Loveanewidea said...

What a terrific description of your hike - I could really get a sense of the setting, AND the snowmobile driver!

Weather Boy said...

I know it's unconscionable to admit this, but I've never been to Angel Falls. It's on the list for this summer, only higher than it's been in past years.

Regardless of the outcome, it sounds like a good day.

Rondi said...

A beautiful day all the same! (I would have taken the ride...and admire you for opting to walk out!)

beth said...

you are a real hiker...as I would have had my ass on the back of that snowmobile before he even patted the seat....I'm such a wimp !!

KaHolly said...

What a wonderful hike you had. Did it kind of burst your bubble when you heard the roar of the snowmobilers?

Marianne said...

Lake Mooselookmeguntic. Do you know how much I LOVE that name???? And...dou you know...ummm...just how fast I would have jumped on the back of that snowmobile??? hahahaha and it wouldn't have been the late and the cold I was thinkin' 'bout!

Beth said...

Tex, is that some sort of gun or something? I think I'll depend on good looking men on snowmobiles rather than shooting bear, but it is a good idea for some. :-)

Loveanewidea, thanks, it was a fun day

Weather Boy, You must go, it's truly startling. The falls seem to come from nowhere--just a little piddling stream and then Holy Niagara--

Rondi, next time you are up at your camp, let's hike out there. A blogfriend outing.

Beth, you make me laugh

KaHolly, no it was actually nice to see them, I was surprised that there hadn't been more through the day. Snowmobiles are noisy and smelly but the snowmobilers are really just people who like to be outside--just like us.

Marianne, Mooselookmegunticook, teach that one to Jahan the next time he is eating blueberries! Oh, that guy was classic--a Maine Guide straight from Central Casting. I was so mad that my camera battery ran out, I would have sent you his picture.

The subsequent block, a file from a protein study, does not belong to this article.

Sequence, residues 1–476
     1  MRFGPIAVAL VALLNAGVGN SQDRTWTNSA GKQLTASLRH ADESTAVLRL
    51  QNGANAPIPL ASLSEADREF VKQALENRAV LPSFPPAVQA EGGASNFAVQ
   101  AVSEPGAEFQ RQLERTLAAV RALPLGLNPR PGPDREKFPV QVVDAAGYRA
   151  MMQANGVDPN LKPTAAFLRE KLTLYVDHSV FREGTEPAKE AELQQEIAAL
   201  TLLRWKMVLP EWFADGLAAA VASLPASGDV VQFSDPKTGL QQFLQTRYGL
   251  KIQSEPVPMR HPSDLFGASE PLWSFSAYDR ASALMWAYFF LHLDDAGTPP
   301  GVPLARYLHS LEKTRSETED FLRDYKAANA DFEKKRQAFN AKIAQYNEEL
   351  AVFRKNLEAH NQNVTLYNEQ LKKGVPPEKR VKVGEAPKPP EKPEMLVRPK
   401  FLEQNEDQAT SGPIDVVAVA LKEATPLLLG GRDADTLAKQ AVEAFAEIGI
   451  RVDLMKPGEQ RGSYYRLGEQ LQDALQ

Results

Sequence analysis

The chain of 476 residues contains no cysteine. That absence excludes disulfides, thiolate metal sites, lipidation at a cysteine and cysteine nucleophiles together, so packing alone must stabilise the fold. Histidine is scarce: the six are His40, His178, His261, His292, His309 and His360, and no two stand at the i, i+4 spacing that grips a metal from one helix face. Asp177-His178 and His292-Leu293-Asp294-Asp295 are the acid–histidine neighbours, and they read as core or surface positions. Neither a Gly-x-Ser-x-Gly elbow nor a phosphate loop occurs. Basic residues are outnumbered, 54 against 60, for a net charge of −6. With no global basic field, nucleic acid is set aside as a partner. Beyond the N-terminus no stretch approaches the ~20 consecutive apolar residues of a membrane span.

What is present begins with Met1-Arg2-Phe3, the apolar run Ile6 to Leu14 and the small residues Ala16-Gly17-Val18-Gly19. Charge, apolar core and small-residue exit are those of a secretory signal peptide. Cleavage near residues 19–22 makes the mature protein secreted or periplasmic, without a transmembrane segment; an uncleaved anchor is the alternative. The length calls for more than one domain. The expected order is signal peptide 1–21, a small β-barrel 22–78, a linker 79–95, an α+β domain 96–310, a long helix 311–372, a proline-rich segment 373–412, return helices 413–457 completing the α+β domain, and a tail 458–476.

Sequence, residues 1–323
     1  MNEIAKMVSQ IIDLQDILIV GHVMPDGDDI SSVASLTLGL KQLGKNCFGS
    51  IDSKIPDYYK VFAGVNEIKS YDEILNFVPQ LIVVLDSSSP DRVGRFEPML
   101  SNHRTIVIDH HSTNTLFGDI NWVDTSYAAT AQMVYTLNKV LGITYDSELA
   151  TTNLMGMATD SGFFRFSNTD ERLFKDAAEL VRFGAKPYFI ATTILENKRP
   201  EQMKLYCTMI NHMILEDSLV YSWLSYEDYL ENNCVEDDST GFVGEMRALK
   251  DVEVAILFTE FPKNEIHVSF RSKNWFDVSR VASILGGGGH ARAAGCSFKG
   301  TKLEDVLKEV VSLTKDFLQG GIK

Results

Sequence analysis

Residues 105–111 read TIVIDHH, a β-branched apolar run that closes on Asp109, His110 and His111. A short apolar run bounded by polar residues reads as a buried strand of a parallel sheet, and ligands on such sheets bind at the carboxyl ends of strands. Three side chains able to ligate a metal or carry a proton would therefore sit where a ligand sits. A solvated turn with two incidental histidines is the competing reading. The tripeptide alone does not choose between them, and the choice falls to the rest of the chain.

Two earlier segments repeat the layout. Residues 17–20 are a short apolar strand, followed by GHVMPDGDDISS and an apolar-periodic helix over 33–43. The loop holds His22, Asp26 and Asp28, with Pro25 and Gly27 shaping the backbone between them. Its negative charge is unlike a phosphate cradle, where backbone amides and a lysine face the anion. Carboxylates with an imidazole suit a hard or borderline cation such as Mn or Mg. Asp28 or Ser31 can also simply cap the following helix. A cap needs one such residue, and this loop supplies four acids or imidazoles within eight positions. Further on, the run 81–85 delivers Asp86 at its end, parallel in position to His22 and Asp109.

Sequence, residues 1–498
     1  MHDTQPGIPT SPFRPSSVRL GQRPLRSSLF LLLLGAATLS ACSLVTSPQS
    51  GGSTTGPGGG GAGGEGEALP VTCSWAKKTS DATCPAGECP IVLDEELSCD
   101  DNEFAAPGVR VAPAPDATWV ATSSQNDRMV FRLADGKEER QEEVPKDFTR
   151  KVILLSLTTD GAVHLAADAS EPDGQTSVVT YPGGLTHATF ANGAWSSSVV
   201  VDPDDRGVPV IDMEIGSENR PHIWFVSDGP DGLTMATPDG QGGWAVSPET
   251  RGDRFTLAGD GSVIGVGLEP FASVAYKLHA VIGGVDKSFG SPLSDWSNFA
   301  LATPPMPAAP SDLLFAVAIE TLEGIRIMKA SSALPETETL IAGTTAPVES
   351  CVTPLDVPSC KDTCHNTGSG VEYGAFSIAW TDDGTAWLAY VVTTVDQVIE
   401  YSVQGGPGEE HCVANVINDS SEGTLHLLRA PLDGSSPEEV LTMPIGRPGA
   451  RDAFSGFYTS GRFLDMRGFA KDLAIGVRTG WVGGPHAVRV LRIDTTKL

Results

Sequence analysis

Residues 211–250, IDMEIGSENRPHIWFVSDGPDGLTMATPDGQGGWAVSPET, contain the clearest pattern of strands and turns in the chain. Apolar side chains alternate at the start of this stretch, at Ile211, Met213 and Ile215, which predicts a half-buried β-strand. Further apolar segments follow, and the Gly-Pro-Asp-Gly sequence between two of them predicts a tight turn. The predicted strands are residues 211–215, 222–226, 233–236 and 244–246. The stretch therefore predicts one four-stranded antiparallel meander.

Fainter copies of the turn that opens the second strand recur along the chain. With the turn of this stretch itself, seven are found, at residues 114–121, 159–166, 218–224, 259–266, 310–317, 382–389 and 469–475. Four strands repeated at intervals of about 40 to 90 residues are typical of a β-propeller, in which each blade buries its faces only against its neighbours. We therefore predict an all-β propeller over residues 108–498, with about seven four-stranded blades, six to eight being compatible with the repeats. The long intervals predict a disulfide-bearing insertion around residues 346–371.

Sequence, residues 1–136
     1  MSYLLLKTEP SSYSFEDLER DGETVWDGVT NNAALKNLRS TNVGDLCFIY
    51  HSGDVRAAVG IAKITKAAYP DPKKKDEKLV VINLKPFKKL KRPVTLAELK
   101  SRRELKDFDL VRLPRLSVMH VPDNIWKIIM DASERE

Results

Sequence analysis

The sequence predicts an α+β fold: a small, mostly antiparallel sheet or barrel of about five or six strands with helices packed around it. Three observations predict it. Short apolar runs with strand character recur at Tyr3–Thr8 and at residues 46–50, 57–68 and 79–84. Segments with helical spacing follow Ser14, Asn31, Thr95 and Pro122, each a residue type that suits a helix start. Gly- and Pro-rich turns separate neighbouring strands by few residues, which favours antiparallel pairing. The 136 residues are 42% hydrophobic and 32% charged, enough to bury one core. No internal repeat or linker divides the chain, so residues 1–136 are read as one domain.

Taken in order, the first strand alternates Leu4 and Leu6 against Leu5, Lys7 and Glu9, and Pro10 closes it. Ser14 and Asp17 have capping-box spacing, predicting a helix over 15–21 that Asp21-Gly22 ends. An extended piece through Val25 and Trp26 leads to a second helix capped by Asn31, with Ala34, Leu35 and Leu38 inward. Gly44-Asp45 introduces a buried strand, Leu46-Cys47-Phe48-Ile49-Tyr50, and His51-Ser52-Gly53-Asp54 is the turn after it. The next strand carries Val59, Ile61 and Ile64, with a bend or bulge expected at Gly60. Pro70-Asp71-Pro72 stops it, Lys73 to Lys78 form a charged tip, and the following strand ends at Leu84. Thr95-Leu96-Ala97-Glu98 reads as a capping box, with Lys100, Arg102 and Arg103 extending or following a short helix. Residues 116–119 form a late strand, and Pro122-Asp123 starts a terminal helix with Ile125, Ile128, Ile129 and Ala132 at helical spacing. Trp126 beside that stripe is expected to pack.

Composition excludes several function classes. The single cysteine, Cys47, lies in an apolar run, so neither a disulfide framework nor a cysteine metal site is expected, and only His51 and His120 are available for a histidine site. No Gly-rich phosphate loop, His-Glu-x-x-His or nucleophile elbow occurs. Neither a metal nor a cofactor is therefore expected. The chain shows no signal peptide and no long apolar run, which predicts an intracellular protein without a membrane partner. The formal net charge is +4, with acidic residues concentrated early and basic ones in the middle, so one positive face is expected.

Kallen305 said...

It sounds like a great hike despite some of the environmental conditions. I have been walking in the snow lately too and let me tell you it is indeed hard work. I can't even imagine going as long as you did.

The snowmobile driver sounds like my kind of man. I melt over LL Bean. ;o)

mon@rch said...

Not sure what I would have done but I do enjoy being out walking, you do see more!

beckie said...

Beth I admire your determination in doing the hike. And also your will power for not hoping on that snowmobile with the hottie. :}

It looks so beautiful there, if only it weren't so cold, I know I enjoy the solitude and the scenery.

Jayne said...

I can't even imagine attempting that on my own. You amaze me Beth! And, like the other wimps who replied, I'll say that I'd have jumped on behind that dude in a nanosecond! :c)

troutbirder said...

Life as an adventure! Ive enjoyed coming across your blog

Carey's Corner said...

Sounds like a good episode for Surviorman(woman). That's got to keep you in shape.

Mary said...

LOL! I agree with most. I'd be on the back of that mobile in a flash.

Thanks for taking us on your walk. It's hard work in the snow. I'm impressed (as usual).

Mary

Kathiesbirds said...

Beth, what a wonderful story! I would have been so tempted to hop on that snowmobile though! Still, I can feel the serenity in your soul from this hike. How wonderful it was! You are making me think of Louise Dickenson Rich with this post! "We Took to the Woods" and others.